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My GSD is roughly 16 months old, male, weighs 68lbs and is very lean.

It isn't to say he's drastically underweight or noticeably skinny, but he does look rather lean.

Although 68lbs, he only gained roughly 4-5lbs in the last 4/5 months. The vet mentioned that he does look rather slim and it could be a case of his body not producing enough enzymes, and it might be a case of having to supplement them.

She argued that he currently is gaining weight so it might not be needed ASAP, but to put a pin in it.

Our GSD is very active, runs around all the time and is generally high energy so it could simply be a case of him burning a lot of his food off.

We tried upping his food intake but it honestly seems like he isn't interested too much in the extra food at times. He typical meal is 2 scoops of Victor Active Puppy/Dog (all life stage) in the morning, then 2 more in the evening. We have since upped it to 3 each time, but it's hit or miss whether he's interested.

I'm going to double check with the vet but wanted to get some insight or suggestions, is it safe to give him an enzyme supplement to try or does it need to be prescribed?

Reviews I saw on Amazon honestly matched his description, especially comments such as him drinking a lot of water. He drinks water almost excessively, I'm not sure if that's a sign of something.

I was more honestly curious about trying it and seeing if it made an impact, the last thing I want to do is stunt his growth during his younger years. Although he's 16 months he still has a puppyish look to him, rather than a dog entering adulthood.

As I said, I'd love to get your input and if enzymes is a possibility - what brand or type would you recommend?
 

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I wouldn't willy nilly add enzymes. If the vet was concerned did they mention or actually do any blood work? If you are worried about something like EPI I would recommend having that discussion with your vet. They can test.

How much is a scoop? A cup? I'm assuming that since you saw the vet a current fecal was negative and intestinal parasites aren't an issue.

I think at 16 months I would have long since switched from active puppy to active adult food. That's just me as I don't consider 16 months to be a puppy but a young adult dog. Adult and physically/mentally mature are not the same in my mind. Also to be considered is the adult weight of the dam and sire. My female didn't gain much weight at all after 12 months. She very slowly gained 10 lbs. between age 2 and 3 and has stayed steady ever since. So I think what you are seeing is a natural slow down of weight gain due to actual growth. Next should come weight gain from muscle mass building.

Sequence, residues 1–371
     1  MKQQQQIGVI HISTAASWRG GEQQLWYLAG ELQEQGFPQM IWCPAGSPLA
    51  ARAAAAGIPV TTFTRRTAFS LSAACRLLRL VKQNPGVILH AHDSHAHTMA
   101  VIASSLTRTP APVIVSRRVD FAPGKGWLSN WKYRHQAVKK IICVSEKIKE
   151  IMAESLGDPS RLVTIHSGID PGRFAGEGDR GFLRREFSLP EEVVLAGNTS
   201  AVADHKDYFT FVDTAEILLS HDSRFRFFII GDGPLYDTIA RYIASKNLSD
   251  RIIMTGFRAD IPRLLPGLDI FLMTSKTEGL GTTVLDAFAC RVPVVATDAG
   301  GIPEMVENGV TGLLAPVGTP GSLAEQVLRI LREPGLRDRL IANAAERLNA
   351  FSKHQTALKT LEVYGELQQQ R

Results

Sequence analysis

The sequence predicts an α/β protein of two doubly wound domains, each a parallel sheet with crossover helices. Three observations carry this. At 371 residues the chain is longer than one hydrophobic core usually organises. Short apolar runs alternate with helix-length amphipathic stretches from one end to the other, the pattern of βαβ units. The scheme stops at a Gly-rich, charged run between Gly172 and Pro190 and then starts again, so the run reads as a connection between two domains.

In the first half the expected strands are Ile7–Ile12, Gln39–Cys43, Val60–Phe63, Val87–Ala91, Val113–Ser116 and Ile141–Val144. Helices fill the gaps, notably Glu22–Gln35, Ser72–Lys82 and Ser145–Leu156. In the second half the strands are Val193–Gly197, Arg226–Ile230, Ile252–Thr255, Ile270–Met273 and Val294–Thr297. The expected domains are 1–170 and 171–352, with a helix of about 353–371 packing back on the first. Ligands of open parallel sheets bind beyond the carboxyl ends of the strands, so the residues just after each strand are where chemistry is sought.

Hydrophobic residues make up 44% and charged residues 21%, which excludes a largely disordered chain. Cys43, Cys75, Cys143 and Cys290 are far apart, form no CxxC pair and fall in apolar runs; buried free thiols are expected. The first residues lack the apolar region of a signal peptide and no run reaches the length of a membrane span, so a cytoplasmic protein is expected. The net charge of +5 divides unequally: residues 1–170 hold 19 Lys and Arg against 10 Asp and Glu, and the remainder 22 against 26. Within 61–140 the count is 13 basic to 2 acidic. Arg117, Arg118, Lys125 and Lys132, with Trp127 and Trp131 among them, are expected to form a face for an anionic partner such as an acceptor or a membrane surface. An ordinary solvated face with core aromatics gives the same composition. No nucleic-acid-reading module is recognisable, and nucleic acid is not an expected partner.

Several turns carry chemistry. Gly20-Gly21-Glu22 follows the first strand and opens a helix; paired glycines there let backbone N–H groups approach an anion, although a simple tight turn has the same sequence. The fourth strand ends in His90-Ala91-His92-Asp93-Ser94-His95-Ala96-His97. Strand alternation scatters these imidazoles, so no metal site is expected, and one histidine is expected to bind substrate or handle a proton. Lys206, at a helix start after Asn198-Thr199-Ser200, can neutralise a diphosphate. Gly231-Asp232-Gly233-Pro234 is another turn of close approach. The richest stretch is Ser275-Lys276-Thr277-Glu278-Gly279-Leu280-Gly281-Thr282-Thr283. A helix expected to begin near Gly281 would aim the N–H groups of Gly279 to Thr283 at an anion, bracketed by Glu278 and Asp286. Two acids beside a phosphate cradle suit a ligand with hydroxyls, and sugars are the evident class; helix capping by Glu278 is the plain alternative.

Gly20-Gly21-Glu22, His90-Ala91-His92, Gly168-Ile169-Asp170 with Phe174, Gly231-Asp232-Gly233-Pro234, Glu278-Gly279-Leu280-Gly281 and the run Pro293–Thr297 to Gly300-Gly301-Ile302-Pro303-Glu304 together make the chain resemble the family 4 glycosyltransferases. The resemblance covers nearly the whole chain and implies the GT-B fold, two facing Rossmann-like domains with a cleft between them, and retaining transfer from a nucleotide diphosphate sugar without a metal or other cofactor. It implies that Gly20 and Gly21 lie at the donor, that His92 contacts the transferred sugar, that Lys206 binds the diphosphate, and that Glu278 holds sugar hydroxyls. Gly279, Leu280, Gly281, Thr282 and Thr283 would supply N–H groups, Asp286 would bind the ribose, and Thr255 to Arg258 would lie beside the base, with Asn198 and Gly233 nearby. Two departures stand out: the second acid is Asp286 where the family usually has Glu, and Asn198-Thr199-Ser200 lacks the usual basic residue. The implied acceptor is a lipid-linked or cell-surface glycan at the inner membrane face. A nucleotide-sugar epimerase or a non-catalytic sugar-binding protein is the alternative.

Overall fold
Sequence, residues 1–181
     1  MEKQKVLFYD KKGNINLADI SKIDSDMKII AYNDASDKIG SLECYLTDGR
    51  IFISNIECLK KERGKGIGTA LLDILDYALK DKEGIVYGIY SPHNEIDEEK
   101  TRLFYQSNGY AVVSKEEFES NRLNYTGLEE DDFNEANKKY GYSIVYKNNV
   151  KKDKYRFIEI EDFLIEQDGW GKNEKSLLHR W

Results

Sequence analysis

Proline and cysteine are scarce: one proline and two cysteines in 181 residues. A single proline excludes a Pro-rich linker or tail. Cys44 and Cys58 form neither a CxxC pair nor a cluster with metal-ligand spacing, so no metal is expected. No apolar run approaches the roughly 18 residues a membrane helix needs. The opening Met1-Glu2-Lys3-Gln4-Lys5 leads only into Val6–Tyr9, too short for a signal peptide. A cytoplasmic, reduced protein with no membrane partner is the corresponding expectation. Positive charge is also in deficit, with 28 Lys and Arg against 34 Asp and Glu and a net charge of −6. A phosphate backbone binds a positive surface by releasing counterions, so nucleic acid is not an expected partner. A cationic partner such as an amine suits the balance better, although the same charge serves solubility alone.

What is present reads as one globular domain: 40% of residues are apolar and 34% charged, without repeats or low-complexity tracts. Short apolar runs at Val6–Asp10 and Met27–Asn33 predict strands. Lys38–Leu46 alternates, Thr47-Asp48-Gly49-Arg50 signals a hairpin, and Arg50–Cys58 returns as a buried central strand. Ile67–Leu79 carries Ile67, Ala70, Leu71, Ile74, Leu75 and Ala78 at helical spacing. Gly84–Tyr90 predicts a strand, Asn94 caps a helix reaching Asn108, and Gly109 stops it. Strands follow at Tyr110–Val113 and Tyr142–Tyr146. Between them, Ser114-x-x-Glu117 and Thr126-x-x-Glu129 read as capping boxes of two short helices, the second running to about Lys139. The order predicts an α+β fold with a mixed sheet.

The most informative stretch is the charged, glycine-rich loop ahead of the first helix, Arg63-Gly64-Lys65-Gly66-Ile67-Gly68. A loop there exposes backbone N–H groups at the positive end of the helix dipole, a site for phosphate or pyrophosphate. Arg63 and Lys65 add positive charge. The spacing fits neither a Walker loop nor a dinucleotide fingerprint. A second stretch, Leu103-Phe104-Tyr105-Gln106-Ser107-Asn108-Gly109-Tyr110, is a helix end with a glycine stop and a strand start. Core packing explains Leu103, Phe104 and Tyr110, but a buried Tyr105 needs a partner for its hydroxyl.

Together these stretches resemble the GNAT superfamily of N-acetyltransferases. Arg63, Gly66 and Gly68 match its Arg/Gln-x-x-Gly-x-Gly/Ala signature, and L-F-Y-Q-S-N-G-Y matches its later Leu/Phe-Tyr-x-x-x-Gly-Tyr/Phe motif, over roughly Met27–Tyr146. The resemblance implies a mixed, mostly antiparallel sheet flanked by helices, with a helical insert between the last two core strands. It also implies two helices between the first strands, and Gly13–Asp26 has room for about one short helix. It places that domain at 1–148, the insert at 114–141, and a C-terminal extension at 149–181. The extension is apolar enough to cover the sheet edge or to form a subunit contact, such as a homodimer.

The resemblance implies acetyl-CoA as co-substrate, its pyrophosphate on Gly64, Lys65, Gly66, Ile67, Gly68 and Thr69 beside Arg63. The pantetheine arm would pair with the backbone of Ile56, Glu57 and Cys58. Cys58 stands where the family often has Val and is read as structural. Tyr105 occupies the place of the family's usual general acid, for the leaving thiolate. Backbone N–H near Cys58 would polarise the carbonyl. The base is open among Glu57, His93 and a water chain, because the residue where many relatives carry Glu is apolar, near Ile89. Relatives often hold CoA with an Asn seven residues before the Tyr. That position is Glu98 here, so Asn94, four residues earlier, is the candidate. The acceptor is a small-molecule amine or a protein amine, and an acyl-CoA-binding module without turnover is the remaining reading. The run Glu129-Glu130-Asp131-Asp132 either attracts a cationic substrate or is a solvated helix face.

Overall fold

EDIT: Sorry I reread your post and see it's an all life stage food. Maybe switch to a food with a higher caloric content per cup and see if that helps.
 

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If your dog has normal stools (?), appears healthy and active, and is just slim (not abnormally underweight), enzymes would probably be a waste. Mixed with food, they make it less attractive, so a healthy dog might eat less. Untreated EPI dogs generally stay hungry, and are not likely to pass up food (or anything else semi-edible). Drinking a lot of water is normal with a very active dog, and some drink more than necessary, but a urine test can reassure you.
 

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There are OTC enzyme products (like PROZYME) that are probably lower-strength than the RX ones given to EPI dogs. I've used Prozyme with good results in a few dogs. Prozyme solved a bad flatulence issue for a dog that I owned, years ago. It also helped a tender-tummied dog that don't have EPI but just seem to be really prone to digestive upset (and cholitis). Here it is:

In your case, though, I wonder if you just have a lanky adolescent? It's pretty common for healthy adolescents to go through a string-bean stage between 1-2 years, and then start to fill out between 2-3. Needing extra calories during this stage is pretty common. You might want to check out a food like Diamond Naturals Extreme Athlete. It's higher calorie. I think Victor makes one of those high-cal foods too.

How many kcals per cup are in the food you are feeding?
 

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Kibble fed dogs drink a lot because their food takes moisture from the body rather than providing it.